As someone known for being fussy about beer, you could say I know my lagers from my lambics. So it might surprise you that one way to stump me whilst I’m pontificating about the beauty of a well-constructed craft beer would be to ask the question: “So what’s the best beer in the world?”. I would probably have responded in one of the following three ways: (1) Waffle my way out by claiming that there is no such thing because there is no basis for comparison between the diverse and myriad styles of beer; (2) Divert the question by naming my desert-island top 10 beers; and (3) Just look at you really long and hard to try and make you feel very uncomfortable and a bit daft.
Sadly, victims of my beer-proselytising no longer have such an avenue of escape now, for I have tasted heaven (or its closest earthly liquid equivalence), and can now tell you with some measure of experience and authority that the best – no, greatest beer in the world is the Trappist Westvleteren 12, brewed by the monks of the Sint Sixtus abbey in Westvleteren, Belgium.
Congratulations! You are now in possession of an important beer-geek fact. So now when you watch the advertisements of a particular green-bottled Danish pilsner that proclaims itself as “probably the best beer in the world” you can stop squirming in vague discomfort and rest assured in the knowledge that it is factually incorrect and can be written off as pure marketing hyperbole.
Truth be told, the fact that the Westvleteren 12 is the greatest beer in the world is not a new revelation, neither is it entirely shocking or paradigm-shifting. I have broken no new ground in my 2nd-paragraph declaration. This is a superlative and much-celebrated beer. Google “Westvleteren 12 reviews” and you’ll read reviews tantamount to claiming that drinking the Westvleteren 12 is a transcendent experience. Others may appear to describe it as tasting like the sweet essence of rainbow-leprechaun-unicorns mixed with the tears of joy of newborn infants, blessed by the Pope, the Dalai Lama and Chuck Norris, and served in a chalice hand-milled by the heavenly seraphim with glass from Valhalla. Some may even lead you to believe that every time someone takes a sip of the Westvleteren 12, a firework goes off somewhere in the world to celebrate the experience.
What may be paradigm-shiftingly-shocking is that tasting the Westvleteren 12 is nothing like that.
But it should be.
Because rarity, hyperbole and sheer mythical status aside, it’s a pretty damn amazing beer.
I could also give you a detailed account of how the beer tasted. But many more who have gone before me have done so in a manner far more eloquent and descriptive than I could possibly hope to emulate or reproduce (see here & here again). Still, I can’t resist taking a shot at some general tasting notes:
The W12 presents you with deep, spicy, vinuous-plum and musty honey-bread flavours on the nose and palate. Dark chocolate notes ease their way to the fore mid-palate. Gentle but present carbonation lifts the complex flavours and keeps the beer from getting too heavy-going, making every sip enjoyable without giving you palate fatigue.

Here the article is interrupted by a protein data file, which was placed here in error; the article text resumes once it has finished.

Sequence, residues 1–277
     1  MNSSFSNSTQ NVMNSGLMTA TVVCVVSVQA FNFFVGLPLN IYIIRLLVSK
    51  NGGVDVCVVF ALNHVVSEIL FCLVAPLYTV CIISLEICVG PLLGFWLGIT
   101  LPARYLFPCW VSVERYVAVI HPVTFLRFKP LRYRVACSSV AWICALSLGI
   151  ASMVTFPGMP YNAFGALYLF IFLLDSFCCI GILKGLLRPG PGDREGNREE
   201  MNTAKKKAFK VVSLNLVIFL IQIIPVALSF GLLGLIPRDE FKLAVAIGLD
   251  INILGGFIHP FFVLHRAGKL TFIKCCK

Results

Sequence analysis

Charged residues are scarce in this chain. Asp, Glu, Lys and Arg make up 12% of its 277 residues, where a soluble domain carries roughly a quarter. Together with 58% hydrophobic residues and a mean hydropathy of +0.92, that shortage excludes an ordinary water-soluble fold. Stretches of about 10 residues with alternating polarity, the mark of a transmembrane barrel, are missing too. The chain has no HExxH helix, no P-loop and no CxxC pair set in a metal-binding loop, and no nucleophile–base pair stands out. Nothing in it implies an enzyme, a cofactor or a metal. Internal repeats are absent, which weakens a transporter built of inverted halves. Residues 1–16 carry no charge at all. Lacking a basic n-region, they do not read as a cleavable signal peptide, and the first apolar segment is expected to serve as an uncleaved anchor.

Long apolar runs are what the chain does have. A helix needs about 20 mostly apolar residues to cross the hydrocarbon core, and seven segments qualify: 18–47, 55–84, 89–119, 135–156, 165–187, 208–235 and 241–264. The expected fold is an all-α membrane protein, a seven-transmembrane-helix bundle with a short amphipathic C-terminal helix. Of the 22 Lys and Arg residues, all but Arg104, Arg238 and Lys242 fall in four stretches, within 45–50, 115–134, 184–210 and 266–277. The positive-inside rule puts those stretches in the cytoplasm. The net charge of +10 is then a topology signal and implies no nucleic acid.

Another W12 bottle that was opened in the same session (yes, there were TWO bottles present in the same place) was aged for a year in cellar conditions. Nose and palate are largely the same, with the exception of a more present carbonated character which helped make the palate a little livelier and dryer, but still full-flavoured and very enjoyable.
But perhaps what elevates this beer from being merely great to being The Greatest Beer on Earth is not so much its depth and complexity of flavour, nor its lovely ruby-amber hue, or heady perfumy nose.
What makes this beer transcend the realms of mortal beerdom is how every aspect of the beer is truly pleasing, comes together in perfect balance, and – most importantly – exhibits so much restraint and subtlety that at first sip, one is likely to be absolutely and completely underwhelmed. One might even regret spending the ridiculous amount of money / taking the trip to Sint Sixtus / begging your friend to open the bottle he’s been hiding in the cellar for the past year.
Yes, this beer could have socked you on the head with its big alcohol presence and massive vinous character. But then it’d be a Rochefort 10.
Yes, this beer could have held back its honey-sweetness and kept itself from crossing the threshold of flavour. But then it’d be a Chimay Bleue.
Yes, this beer could have been heavily hopped and brewed to 100+ IBUs and an original gravity of 10,000. But then it’d be just an average Stone Brewing Co beer.
No, this beer is a real class act. It doesn’t schmooze and try to win you over from the first sip. It acquaints itself with your palate, and it either tactfully introduces new flavours you’re not familiar with, or re-introduces flavours you thought you already knew very well in a Trappist Quadrupel. Therein lies the beauty of the Westvleteren 12. It’s a beer that respects the drinker, and in so doing demands the utmost respect.
The Westvleteren 12 is a humble beer, brewed by even humbler brewers who would rather easy obscurity than easy fame. It’s a beer that has never sold out, has always stayed true to its roots. Its an honest beer that makes an honest drinker.
And with that, I submit to you dear reader, that this beer is – honestly, and humbly – the greatest beer ever brewed on God’s great earth.
à votre santé!Written by Kang.C Photography by Kang.C
(Jack.D’s note: Thank you ET and KS for sharing your treasure. We enjoyed every drop!)